Wednesday, July 6, 2016

My Sock Puppet Show Has Potental To Be More Culturally Significant Than Your Opera.

When I was in seventh grade one of our school librarians (the scary one) implied that the only comic book with any artistic merits was Maus by Art Spiegelman.  Of course she was right to suggest that Spiegelman's opus is a painfully beautiful work.  However, I remember actually rolling my eyes when I realized that she was so narrow minded about such a diverse art form.   

Granted, there are plenty of comic books that are trash.   No one can argue that there aren't plenty of comic book series that portray women as sex objects and revolve around cliche plots with wooden dialogue.  However, one would be able to point to just as many terrible novels, movies, TV shows, works of music and poetry.  Saying that all comic books are about exploiting sex and violence is as closed minded as saying that all TV shows are saccharine sitcoms or all novels are vampire teen romances.  

Many of us try to not be snobbish when it comes to different art forms, but some of us unintentionally (and others intentionally) divided the various mediums into a hierarchy.

Below are some examples of art forms listed from "High Art" and then descending to what is commonly considered "Low Art"













TV shows


Comic Books/Graphic Novels


Comic Strips


Video Games


Puppet Shows


 We could spend the rest of our lives debating the exact order that the above list should be in.  Obviously, it did not include all art forms.  Photography, web design and most forms of music are left out.  However, this more or less gives an overview of the order in which we rank artistic mediums from most to least culturally significant.  

Very often people who prefer "High Art" view comic books and video games with condescension while many who prefer TV and movies don't even bother with opera or ballet because they assume that they won't get anything out of it.

However, for most of my life I have been skeptical of an artistic hierarchy.

And no, it's not just because I grew up reading Calvin and Hobbes.

I have always wanted to ask, "Why would such an artistic class system objectively exist?"

Do supporters of such a hierarchy believe that there are laws of nature that prevent video games from being as spiritually uplifting as the novel Les Miserables or the opera La Boheme?  Do they believe that the human brain processes emotions clearer through some mediums more than others?  What (besides opinions of course) do they believe enforces that one art form will always be superior to another?  That the world's greatest comic book will always be weaker than the world's worst ballet?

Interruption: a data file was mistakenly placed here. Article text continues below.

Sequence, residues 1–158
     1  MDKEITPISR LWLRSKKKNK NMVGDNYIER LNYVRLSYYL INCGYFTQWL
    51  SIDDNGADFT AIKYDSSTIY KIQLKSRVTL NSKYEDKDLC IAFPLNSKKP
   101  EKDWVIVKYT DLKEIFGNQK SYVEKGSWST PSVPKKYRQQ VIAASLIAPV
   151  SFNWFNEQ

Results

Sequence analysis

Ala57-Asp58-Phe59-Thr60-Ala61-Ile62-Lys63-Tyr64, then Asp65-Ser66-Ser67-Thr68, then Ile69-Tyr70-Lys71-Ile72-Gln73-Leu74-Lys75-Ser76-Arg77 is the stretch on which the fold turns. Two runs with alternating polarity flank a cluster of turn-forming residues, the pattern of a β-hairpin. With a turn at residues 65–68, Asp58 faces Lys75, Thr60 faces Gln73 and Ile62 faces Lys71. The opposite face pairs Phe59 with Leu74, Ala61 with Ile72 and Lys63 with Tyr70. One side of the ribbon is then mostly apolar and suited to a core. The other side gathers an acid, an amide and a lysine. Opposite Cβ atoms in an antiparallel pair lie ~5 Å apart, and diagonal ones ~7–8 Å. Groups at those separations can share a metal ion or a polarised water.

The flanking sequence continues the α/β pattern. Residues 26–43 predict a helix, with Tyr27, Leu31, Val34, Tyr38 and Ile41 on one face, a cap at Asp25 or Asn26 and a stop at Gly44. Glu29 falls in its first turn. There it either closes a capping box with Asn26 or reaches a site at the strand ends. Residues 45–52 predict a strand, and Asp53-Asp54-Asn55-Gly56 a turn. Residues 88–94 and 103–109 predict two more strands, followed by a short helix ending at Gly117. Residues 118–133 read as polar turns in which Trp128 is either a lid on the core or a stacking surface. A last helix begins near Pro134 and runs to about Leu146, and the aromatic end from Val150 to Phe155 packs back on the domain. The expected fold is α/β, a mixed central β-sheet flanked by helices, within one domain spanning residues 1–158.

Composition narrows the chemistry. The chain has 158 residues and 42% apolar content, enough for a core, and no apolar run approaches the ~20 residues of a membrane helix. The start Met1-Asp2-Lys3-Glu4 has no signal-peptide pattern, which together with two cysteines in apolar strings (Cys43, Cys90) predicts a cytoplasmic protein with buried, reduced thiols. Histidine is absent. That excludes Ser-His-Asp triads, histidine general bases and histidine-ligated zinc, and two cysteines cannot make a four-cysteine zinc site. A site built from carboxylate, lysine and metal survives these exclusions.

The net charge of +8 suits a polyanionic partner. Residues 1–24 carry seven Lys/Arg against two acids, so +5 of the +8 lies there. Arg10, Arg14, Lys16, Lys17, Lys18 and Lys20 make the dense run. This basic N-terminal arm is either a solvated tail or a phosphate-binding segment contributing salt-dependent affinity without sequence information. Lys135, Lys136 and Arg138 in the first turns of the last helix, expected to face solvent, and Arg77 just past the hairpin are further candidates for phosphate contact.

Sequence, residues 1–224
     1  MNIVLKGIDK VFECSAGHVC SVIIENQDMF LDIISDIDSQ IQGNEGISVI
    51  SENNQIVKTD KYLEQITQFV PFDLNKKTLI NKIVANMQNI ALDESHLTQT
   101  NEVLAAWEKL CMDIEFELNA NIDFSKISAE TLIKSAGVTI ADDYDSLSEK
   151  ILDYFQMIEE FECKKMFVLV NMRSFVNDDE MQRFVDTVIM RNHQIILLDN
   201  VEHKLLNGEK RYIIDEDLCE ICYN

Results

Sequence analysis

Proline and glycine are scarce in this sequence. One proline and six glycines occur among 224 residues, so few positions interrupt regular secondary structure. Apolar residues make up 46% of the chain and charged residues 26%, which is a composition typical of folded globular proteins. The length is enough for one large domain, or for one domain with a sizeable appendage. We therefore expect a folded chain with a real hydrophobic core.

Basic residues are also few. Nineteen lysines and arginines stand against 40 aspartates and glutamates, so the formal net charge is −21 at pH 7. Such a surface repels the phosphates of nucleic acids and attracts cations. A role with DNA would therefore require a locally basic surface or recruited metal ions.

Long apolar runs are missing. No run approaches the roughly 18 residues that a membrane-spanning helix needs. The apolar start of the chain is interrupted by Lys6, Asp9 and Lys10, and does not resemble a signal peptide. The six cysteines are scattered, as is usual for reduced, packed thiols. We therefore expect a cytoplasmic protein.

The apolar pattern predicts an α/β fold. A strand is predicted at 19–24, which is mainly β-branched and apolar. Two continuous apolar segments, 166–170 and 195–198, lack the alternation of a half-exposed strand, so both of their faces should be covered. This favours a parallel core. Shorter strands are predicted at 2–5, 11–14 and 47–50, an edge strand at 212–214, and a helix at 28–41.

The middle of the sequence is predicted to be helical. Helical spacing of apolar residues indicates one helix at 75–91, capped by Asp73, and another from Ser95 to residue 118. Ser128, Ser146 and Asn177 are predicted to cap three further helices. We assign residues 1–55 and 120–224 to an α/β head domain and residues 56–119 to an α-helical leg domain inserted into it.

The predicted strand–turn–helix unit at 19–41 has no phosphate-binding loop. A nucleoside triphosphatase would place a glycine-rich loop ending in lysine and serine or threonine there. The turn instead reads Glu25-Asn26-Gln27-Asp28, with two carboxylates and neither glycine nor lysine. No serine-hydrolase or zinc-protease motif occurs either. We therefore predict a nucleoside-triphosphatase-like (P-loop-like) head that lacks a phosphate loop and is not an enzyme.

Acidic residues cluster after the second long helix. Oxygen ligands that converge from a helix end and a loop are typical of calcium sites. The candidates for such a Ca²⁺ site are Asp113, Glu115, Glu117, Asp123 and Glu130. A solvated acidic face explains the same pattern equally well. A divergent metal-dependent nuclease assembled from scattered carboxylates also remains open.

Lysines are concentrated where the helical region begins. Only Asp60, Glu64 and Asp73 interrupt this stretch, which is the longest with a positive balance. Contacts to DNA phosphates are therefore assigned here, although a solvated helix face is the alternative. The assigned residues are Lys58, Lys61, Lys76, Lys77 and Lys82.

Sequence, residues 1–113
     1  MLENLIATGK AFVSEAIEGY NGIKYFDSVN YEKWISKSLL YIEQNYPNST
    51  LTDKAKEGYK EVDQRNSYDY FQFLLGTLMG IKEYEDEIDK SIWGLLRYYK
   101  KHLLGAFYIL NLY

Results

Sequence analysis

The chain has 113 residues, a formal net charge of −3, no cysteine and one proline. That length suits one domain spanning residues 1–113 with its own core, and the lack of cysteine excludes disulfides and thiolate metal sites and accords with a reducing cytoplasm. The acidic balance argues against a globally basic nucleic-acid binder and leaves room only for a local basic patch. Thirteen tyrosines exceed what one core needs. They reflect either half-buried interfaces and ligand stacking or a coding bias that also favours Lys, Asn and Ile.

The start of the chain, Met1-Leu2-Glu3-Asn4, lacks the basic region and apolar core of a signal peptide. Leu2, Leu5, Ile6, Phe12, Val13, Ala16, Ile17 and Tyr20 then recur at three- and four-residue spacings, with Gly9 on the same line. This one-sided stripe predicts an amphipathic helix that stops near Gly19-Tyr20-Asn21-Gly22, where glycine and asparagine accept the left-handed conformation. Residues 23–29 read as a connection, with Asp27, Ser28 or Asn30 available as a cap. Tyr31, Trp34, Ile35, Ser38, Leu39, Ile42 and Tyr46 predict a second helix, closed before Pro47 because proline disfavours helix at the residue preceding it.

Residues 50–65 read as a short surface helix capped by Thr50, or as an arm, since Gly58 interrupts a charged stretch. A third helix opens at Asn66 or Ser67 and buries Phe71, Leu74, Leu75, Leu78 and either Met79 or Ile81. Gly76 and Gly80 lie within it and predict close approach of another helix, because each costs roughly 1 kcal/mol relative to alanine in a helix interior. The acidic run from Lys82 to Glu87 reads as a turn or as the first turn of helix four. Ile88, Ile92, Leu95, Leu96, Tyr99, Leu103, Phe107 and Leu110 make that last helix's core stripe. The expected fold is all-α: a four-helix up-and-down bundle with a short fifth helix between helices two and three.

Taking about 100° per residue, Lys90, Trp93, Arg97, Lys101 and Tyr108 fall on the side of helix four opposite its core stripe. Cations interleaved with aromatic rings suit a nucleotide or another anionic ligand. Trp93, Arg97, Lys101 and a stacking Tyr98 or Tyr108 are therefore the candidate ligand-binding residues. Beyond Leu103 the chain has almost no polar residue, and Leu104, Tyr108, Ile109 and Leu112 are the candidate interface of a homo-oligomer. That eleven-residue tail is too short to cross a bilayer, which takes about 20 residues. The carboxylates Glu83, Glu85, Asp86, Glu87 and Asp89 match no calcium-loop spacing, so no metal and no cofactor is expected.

Those who believe in such an artistic class structure would probably state that it has to do with accessibility.  When one goes to an opera or a symphony or even many plays they often need to bring extra knowledge with them to fully appreciate the work.  On the other hand if you go to the funny pages it's very easy to "get" that Garfield hates Mondays.

However this argument relies on the assumption that all examples of a medium are equally accessible.  There are tons of examples of films that are nearly impossible to fully interpret.  
 Many non-comic book fans might be surprised to find that there are Graphic Novels that can be a struggle to get through.  One example of this is From Hell by Alan Moore, which is denser than many classic novels I have read.  On the surface it is the story of Jack the Ripper, but it delves into a complex portrait of the various aspects of British society and the endlessly complex history of London.  

And the more you look at the great examples of graphic novels (like Blankets, Persepolis, Black Hole, The Dark Knight Returns and Sandman), the more you realize that From Hell is not a stand alone exception.  We have gotten well beyond the point where calling a work "the best graphic novel of the twenty-first century" should be (but isn't) as much an honor as being the best play or novel or album.    

Someone who believes that some forms of art are "naturally" better than others might argue that some forms of art are simply set at a grander scale.  Operas do tend to have more breathtaking sets and costumes and better trained performers than most sock puppet shows.  Ballets and operas have two to three hours in which to tell a story while comic strips have just a handful of panels.